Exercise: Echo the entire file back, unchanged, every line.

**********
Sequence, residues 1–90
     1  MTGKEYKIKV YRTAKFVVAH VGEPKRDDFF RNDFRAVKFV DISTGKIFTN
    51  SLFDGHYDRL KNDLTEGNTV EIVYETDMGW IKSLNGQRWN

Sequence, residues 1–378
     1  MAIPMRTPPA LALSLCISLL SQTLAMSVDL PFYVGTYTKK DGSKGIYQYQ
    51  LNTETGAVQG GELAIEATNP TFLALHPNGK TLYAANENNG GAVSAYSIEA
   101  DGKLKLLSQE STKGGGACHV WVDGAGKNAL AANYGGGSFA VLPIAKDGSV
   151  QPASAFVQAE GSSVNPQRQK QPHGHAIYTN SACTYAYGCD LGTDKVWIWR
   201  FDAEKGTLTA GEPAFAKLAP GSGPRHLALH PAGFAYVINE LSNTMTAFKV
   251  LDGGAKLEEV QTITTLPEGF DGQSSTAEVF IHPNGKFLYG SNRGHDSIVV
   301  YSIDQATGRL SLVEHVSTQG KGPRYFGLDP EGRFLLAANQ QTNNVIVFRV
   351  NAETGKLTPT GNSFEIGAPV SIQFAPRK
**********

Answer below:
Sequence, residues 1–90
     1  MTGKEYKIKV YRTAKFVVAH VGEPKRDDFF RNDFRAVKFV DISTGKIFTN
    51  SLFDGHYDRL KNDLTEGNTV EIVYETDMGW IKSLNGQRWN

Sequence, residues 1–378
     1  MAIPMRTPPA LALSLCISLL SQTLAMSVDL PFYVGTYTKK DGSKGIYQYQ
    51  LNTETGAVQG GELAIEATNP TFLALHPNGK TLYAANENNG GAVSAYSIEA
   101  DGKLKLLSQE STKGGGACHV WVDGAGKNAL AANYGGGSFA VLPIAKDGSV
   151  QPASAFVQAE GSSVNPQRQK QPHGHAIYTN SACTYAYGCD LGTDKVWIWR
   201  FDAEKGTLTA GEPAFAKLAP GSGPRHLALH PAGFAYVINE LSNTMTAFKV
   251  LDGGAKLEEV QTITTLPEGF DGQSSTAEVF IHPNGKFLYG SNRGHDSIVV
   301  YSIDQATGRL SLVEHVSTQG KGPRYFGLDP EGRFLLAANQ QTNNVIVFRV
   351  NAETGKLTPT GNSFEIGAPV SIQFAPRK